Many experienced and inexperienced authors struggle with the opening scene. You are seated comfortably in front of your computer, a cup of coffee or your favorite beverage is resting beside you; you probably spent a great portion of your day/night mulling over the details of this amazing story you have in your brain. Now that your fingers are ready to fire away, the desire to write is burning hot, the house is quiet and now all you can do is stare at the computer and blink.
All of that mental energy spent, imagining your line up of characters and spectacular events you envisioned happening in your story just disappears. Trust me, that happens to the best of us. So what do you do? How do you move on from the blank screen and blinking curser. Where CAN you start? This is going to be a multipart discussion simply because 1: this is a suggestion; and 2: it is all up to you. But for some, this may be easier approach to getting those creative juices flowing.
The answer is simple: Give your readers a place to go. Your opening scene will determine whether or not the reader will continue the journey with the character or if he or she will simply close the book and move onto something else. So why not begin with giving your readers a place to go; a place for them to settle into as you introduce them to the main character(s). For example, this is one of the opening paragraphs for my book, The Lost Queen where I introduce my character and the pending action that the reader can anticipate experiencing in the story:
Ducking behind the protective covering of a red brick building. I shove my daughter behind me as our protector rounds the corner, unloading an entire clip at our attackers. Her silent tears remind that our life would have been better had I never discover discovered what I am.
What my daughter is.
Pop! Pop! Pop!
I cup her mouth with my hand while trying to stifle my own scream. This has been our life for the last three days. Running. Hiding. Near misses. According to our guardian, we just have to make it out of the city, and then that should put enough space between us and "them" that will allow us time to gather resources and to push forward. That's all he told me.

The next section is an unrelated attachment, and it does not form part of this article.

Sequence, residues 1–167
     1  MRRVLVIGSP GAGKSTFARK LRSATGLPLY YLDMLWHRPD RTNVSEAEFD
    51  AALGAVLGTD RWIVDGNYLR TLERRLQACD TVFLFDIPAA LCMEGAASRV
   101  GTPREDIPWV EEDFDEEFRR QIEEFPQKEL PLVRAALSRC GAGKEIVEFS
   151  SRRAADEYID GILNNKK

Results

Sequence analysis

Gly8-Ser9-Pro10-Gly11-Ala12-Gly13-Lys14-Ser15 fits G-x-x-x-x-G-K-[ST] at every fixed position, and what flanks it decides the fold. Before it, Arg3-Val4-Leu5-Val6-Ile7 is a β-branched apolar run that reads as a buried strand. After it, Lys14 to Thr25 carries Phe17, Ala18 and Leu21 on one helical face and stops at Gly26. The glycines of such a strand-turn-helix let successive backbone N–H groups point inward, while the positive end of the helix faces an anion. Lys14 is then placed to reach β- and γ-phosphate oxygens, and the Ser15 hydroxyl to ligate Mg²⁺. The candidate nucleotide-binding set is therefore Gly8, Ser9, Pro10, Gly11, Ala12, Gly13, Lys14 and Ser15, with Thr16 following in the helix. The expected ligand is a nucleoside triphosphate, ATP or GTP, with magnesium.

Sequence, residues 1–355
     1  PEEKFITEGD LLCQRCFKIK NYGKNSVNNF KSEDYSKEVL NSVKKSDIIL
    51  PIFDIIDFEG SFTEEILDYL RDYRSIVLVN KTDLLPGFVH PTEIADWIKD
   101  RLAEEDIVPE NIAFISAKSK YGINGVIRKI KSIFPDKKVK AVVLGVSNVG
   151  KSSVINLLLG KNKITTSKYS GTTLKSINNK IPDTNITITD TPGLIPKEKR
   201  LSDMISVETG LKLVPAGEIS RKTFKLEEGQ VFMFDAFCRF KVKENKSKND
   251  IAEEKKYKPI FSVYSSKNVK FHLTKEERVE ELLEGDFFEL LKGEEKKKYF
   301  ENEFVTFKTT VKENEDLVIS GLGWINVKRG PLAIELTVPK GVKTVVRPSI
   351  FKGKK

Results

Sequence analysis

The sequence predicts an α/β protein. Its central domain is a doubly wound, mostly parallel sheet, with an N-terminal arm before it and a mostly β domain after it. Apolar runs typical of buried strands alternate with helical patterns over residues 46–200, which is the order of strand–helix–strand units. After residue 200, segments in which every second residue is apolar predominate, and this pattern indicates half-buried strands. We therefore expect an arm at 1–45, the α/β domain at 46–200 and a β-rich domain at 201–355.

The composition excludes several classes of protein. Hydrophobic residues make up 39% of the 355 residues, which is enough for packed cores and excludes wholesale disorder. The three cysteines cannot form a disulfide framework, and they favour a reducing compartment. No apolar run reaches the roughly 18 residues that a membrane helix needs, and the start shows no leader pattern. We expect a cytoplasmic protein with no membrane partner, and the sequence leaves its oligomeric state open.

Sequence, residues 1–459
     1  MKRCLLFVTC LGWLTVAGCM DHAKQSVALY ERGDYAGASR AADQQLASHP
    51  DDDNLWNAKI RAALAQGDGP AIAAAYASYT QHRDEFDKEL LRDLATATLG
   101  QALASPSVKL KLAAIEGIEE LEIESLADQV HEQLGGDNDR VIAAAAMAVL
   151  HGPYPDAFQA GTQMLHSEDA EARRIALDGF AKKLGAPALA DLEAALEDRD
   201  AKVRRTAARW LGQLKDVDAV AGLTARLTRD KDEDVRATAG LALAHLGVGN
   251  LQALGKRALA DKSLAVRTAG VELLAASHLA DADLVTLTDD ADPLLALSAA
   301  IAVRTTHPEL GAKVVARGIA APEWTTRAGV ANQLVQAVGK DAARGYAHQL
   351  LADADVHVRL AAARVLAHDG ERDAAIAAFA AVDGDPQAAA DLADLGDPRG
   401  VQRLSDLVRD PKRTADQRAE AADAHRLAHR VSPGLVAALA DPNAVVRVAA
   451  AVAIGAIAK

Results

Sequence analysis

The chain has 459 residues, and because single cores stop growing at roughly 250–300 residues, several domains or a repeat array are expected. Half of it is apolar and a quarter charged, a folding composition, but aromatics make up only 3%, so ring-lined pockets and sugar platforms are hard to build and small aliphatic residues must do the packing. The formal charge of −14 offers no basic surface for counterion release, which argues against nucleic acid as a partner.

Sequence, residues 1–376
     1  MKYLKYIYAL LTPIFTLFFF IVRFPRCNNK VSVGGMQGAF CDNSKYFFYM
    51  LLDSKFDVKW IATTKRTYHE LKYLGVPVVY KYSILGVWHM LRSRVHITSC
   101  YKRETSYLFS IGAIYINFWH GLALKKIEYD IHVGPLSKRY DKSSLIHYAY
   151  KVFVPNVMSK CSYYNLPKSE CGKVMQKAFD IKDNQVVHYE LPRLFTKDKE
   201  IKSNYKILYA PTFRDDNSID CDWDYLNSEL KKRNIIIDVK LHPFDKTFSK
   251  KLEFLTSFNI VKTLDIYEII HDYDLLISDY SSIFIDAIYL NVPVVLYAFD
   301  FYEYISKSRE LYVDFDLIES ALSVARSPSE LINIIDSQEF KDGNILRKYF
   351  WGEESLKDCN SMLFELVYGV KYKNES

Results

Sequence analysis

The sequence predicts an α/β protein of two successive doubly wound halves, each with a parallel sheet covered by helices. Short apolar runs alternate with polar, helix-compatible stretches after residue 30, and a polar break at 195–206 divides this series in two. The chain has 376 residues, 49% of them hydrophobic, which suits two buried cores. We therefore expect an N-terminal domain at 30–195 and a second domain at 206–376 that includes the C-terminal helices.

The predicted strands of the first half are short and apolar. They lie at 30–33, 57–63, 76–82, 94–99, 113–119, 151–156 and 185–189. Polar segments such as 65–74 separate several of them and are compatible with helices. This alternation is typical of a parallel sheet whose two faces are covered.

Now granted, there is a bit of mystery as to her exact location, but nonetheless, she is outside, struggling to take cover behind a building as bullets are whizzing by. And this is another tip that I will go into detail about in another blog: action. While you are staring at the blank screen of your computer, your coffee growing cold and the cool touch of anxiety begins to settle in like the morning fog, imagine the WHERE and the WHAT (the action). Not only will this capture the attention of the reader, you will find yourself growing more confident as you move forward with the first chapter. Why? Because you have a place to start and now that you have a place to start in the story, you can easily build from there.
Think about the genre and the overall direction of your story. If your main character is a vampire on the run from a gun slinging cowboy hunter, you can introduce a scene that involves the two of them preparing to engage in a fight. Or, you could start off with the vampire hiding out in a crypt, praying to his vampire god to save him. I know, I know...that was a bit lame. But it is not my job to feed you creative ideas for the direction of your story. My job is just to inspire and to offer some helpful hints to get you to the next phase of your journey as an author.
And it may help for you to brainstorm your opening scene before you get settled in front of your computer. No need to suffer from eye strain from staring in front of a bright light while you are pondering on what the opening scene will look like.
Remember, it is YOUR idea, YOUR story, YOUR dream... The opening scene and the however many chapters there are to follow, will bring you closer to accomplishing that main goal of yours: publishing. Just take it one word, one sentence, and one page at a time...